BARRY SHEERMAN is best known as the MP who last year launched the Millennium Destruction Challenge, calling for Buckingham Palace and other design "monstrosities" to be razed to the ground to make way for the works of bright young architects.
Does he have any similarly radical ideas for education? The question is pertinent because Mr Sheerman, the MP for Huddersfield, is the new chairman of the education select committee.
But anyone looking for the same degree of independence he displayed on architectural matters may be disappointed.
Mr Sheerman, a veteran of 20 years in the Commons, has been described as "more Blairite than Blair" on education. Harsher observers have described him as a new Labour "poodle", forever asking sycophantic questions in the Commons. With both his predecessors rewarded with ministerial posts he will have to work hard to assert his independence.
His background gives him every reason to sing in harmony with the leadership on social exclusion. He left Hampton grammar, Middlesex, at 16, having felt "alienated" as a working-class boy in a "very posh environment".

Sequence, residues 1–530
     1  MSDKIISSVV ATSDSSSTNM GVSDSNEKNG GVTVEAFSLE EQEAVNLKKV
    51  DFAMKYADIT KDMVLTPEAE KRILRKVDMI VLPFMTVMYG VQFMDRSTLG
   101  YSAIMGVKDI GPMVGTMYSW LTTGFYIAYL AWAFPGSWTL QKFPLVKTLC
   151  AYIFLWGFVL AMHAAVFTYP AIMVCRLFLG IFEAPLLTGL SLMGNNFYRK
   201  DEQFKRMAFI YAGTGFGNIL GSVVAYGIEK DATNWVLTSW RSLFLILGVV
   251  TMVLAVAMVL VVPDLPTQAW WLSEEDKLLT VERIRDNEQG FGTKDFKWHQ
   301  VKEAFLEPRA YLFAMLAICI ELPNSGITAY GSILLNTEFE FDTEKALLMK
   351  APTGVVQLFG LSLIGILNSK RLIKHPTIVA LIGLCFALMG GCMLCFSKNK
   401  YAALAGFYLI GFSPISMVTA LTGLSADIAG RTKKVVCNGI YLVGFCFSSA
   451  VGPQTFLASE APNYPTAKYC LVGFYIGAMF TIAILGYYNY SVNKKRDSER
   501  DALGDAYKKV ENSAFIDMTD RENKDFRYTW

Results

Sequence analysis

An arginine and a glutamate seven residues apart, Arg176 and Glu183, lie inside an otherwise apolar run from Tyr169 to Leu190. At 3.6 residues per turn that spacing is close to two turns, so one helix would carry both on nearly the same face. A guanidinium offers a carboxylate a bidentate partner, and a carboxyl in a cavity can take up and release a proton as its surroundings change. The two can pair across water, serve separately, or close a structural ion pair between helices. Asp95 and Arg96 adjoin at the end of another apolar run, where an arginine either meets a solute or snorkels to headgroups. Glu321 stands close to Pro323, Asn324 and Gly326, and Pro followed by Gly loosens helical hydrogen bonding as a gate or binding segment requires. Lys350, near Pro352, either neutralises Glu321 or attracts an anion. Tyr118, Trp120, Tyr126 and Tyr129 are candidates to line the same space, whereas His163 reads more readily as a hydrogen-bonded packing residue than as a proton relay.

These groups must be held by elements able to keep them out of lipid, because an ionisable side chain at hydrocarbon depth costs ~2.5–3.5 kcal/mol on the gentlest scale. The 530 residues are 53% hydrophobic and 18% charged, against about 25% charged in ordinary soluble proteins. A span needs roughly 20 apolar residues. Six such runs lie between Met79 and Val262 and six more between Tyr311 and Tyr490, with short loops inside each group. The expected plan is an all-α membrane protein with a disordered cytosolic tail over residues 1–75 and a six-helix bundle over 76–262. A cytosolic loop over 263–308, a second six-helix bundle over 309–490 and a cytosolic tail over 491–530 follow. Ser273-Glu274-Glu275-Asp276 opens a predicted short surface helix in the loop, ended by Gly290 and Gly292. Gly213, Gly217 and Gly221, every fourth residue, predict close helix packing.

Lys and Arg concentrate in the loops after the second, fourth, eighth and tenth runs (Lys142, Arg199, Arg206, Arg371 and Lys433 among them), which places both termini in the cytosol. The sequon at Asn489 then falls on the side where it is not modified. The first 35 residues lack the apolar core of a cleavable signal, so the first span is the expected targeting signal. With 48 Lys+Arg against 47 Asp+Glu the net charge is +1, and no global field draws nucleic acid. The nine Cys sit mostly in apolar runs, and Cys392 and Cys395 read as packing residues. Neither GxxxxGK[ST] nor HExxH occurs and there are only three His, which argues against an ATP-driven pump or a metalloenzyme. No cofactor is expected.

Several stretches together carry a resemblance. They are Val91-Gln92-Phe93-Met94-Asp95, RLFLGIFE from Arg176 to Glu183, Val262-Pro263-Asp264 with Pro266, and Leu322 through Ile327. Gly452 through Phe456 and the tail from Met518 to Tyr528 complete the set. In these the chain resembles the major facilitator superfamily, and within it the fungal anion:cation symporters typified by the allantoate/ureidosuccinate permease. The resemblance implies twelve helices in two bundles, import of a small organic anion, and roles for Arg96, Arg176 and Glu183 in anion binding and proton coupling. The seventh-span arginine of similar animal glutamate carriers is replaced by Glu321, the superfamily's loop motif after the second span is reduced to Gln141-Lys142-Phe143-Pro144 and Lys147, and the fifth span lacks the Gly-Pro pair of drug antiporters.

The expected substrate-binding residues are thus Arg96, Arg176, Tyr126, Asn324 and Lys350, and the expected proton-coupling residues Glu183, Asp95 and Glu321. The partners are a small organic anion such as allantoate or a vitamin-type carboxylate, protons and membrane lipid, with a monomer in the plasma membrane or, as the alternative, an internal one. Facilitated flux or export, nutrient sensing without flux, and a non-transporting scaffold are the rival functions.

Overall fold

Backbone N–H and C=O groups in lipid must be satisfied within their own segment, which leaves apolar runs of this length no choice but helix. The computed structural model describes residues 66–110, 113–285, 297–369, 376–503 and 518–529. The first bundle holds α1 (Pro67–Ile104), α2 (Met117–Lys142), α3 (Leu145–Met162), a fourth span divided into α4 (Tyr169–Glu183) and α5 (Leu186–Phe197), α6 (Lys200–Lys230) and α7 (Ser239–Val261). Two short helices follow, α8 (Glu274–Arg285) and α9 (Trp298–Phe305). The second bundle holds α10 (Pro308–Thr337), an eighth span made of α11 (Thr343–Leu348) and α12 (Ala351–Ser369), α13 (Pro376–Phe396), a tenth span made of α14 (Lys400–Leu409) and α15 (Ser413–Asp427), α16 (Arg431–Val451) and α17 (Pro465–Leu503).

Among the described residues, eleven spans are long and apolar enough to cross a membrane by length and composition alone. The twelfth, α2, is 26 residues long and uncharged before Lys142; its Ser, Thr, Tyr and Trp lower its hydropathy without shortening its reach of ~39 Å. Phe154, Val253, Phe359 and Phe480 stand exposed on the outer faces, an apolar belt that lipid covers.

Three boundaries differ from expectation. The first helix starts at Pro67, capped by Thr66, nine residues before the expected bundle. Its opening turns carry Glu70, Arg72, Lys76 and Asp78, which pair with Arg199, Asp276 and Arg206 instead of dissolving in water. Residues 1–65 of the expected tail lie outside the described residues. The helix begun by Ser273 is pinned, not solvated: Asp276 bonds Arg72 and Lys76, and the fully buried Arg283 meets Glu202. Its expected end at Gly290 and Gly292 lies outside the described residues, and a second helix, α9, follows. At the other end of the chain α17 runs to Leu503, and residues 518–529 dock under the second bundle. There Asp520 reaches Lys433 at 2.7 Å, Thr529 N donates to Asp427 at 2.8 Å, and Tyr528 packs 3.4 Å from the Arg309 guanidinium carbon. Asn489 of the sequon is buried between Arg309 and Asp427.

Hence his allegiance to the Government's doctrine of raising standards for pupils of all backgrounds. Mr Sheerman, who returned to his studies at 19 and eventually became a politics lecturer at University College, Swansea, also talks about building partnerships between all the "stakeholders" in education, from teachers and parents to business.
All very Blairite. But what happens if the Government gets things wrong? Mr Sheerman talks tough about the role of the select committee as a check on the executive, claiming: "Those who know me well know that I will be a most robust chairman, and will not mince my words."
Thus far, however, he has no major disagreements with ministers. This week, his first committee report as chairman suggested that new Government rules on school meals were not sufficiently scientific.
He is a governor at the London School of Economics and he admits that his main expertise is in higher education. However, he can claim first-hand experience of state schools as they educated his four children.
His links with the business world include chairing the Networking for Industry group. An opposition education spokesman for five years in the 1980s, he helped draft education policy for Labour's 1987 manifesto.
He replaces Malcolm Wicks, the new lifelong learning minister.